Thursday, June 21, 2007

Sickening Smack at 1954 Comm Ave

The owner of 1954 Comm Ave has chopped down all the beautiful trees on his property during the past week. I saw many of the stumps on Sunday morning, and it looked awful.

You might think this to be the owner's right, but it apparently isn't, according to reporting by the A-B TAB: since the property is protected with a deed restriction and has landmark status within the Aberdeen Architectural Conservation District, he needed prior approval.

This is the owner who has applied first to demolishing the house to build a large development, then to move the house to another location. He was rejected both times. He has listed the property with a real estate agent among "commercial" or "land" properties, not residential.

Before (photo: Meaghan Ackermann of A-B TAB):

After (photo: Karen Elowitt of A-B TAB):



Vodka Snob said...

I drive by this everyday. It looks like a badly shorn sheep. A $3 million dollar shorn sheep. What a frickin' shame. Thanks for the before picture though!

margalit said...

Taking the ivy off the house probably saved it. Ivy and stucco are a BAD mix. Taking every bit of landscaping down...well it's ugly but a lot easier to care for. I don't like it but it is his property and I'm sure he's pissed as hell that he can't do with it what he wants.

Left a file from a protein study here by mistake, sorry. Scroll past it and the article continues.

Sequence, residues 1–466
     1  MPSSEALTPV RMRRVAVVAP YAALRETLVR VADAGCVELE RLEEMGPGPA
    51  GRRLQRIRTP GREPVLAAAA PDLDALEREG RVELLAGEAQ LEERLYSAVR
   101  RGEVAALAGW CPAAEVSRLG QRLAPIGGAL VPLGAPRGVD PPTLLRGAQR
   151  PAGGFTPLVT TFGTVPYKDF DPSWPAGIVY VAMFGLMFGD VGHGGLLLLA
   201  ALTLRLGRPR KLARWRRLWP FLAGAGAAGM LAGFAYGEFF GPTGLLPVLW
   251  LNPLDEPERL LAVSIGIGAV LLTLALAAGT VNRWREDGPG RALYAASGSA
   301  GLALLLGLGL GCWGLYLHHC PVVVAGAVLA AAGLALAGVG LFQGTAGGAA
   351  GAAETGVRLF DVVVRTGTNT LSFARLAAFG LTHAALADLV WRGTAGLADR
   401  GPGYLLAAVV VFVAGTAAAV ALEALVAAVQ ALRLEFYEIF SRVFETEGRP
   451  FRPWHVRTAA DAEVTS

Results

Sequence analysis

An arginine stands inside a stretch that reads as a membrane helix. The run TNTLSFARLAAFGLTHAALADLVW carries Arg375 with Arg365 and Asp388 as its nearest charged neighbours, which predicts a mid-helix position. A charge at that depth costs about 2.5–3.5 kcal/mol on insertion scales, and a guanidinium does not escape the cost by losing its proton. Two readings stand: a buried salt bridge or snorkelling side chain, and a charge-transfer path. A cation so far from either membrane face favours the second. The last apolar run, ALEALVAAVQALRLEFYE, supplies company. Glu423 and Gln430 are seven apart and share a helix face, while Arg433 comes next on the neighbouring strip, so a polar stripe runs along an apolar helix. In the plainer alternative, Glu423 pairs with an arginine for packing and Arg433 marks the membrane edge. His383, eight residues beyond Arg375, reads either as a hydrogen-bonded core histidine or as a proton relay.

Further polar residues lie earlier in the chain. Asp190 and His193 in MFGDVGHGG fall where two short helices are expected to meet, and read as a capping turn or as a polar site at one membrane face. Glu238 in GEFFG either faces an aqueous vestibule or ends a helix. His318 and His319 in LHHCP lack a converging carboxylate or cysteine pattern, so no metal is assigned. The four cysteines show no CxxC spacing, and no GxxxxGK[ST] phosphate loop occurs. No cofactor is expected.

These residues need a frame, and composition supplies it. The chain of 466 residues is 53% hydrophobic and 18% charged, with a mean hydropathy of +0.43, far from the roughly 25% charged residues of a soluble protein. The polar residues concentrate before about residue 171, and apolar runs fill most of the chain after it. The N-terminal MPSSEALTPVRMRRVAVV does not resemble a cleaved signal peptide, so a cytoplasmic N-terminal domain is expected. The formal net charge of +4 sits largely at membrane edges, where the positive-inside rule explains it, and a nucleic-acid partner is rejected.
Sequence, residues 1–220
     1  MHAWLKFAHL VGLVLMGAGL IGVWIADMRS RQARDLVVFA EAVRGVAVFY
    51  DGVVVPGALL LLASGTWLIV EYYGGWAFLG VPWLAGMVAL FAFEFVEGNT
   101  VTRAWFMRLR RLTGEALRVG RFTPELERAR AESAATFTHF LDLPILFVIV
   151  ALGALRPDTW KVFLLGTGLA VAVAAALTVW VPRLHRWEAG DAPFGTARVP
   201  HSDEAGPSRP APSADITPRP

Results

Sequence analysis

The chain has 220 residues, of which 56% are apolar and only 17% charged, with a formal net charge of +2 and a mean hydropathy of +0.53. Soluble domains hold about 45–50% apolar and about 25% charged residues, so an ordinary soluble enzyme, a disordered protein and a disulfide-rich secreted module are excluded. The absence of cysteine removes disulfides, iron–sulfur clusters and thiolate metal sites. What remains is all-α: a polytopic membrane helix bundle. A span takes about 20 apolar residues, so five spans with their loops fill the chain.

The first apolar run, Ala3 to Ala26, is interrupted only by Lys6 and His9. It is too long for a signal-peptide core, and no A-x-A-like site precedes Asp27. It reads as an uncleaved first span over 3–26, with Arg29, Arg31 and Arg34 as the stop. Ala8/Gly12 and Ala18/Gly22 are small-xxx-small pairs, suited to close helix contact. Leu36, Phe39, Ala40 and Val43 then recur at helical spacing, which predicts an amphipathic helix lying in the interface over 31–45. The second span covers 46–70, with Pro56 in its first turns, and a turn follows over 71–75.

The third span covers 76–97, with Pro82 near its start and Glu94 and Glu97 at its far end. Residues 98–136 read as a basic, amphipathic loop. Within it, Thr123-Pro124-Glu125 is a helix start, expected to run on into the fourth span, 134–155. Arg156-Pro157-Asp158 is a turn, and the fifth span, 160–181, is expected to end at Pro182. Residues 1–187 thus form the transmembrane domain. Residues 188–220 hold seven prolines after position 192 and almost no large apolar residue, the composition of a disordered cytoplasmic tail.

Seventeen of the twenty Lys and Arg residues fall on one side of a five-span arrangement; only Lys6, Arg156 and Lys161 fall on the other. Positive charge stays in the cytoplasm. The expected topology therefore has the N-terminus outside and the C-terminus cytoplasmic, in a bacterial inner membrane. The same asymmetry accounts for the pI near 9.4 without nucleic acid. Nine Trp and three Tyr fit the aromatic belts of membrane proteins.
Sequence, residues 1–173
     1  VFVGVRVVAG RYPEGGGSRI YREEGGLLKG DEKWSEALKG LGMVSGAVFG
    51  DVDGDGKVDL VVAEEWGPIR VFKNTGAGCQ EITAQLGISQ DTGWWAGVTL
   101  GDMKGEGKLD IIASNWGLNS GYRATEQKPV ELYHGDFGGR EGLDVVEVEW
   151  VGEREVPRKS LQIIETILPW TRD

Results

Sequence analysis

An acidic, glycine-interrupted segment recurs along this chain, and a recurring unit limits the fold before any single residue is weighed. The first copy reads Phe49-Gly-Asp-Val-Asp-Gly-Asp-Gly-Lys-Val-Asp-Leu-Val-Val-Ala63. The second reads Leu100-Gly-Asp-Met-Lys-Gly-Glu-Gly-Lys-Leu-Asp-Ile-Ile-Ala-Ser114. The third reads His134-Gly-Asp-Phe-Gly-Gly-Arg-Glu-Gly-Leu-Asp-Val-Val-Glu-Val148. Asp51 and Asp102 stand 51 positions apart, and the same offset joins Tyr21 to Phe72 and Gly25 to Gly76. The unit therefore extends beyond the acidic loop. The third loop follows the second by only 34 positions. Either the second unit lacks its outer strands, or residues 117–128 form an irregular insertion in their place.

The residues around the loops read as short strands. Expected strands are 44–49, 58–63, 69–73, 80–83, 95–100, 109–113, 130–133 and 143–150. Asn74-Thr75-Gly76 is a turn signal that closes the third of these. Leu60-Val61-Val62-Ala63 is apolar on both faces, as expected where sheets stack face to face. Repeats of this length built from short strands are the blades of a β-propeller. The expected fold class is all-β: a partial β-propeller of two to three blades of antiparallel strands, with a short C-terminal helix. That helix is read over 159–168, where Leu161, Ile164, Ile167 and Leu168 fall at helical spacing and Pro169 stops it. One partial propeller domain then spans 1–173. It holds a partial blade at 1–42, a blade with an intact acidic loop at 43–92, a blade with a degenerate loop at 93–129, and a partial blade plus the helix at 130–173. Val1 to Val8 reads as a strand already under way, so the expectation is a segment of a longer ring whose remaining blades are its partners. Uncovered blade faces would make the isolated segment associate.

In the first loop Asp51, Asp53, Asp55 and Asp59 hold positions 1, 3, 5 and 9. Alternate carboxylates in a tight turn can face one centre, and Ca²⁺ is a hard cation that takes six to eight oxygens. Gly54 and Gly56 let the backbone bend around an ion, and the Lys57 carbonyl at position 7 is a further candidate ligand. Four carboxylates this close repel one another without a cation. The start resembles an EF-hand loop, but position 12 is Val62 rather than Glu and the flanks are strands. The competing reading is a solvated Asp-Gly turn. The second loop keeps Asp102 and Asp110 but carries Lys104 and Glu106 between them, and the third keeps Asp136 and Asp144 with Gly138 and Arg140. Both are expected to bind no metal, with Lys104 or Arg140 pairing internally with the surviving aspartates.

Abigail Furey said...

For those interested guidlines for the residential district can be downloaded from the City of Boston website at

It is a large doc, but the landscape issues are covered on page 54. For those who are unable to open such a document, here is some of the content:

B. Trees and Plantings
See also 10.2A: Spatia l Organization
1. The intent of the tree and planting standards is to maintain the verdant character, especially
the trees and lawns that contribute to the District.
Commission Review
2. The Commission shall review removal and/or replacement of trees.
3. The Commission shall review landscape plans for new construction.
4. Contributing trees shall be protected from adjacent construction activity.
5. Maintenance of, removal of, and additions of trees should consider existing or intended
landscape designs and should contribute to the historic character of the property and its
context within the District.
6. Contributing trees should be retained.
7. When removal of a contributing tree is necessary, it should be replaced with another tree.
Species common to the district include, but are not limited to: Ash, Beech, Dogwood, Elm,
Ginko, Hickory, Linden, Locust, Pin Oak, Red Oak, Spruce, Sugar Maple, Sweet Gum, Tulip,
White Pine.
8. Intrusions should be screened using appropriate plantings.

10. It is recommended that maintenance, removal of, and additions of lawns and plantings other
than trees consider existing or intended landscape designs and contribute to the historic
character of the property and its context within the District.
11. It is recommended that shrubs and hedges not obscure the view to the primary building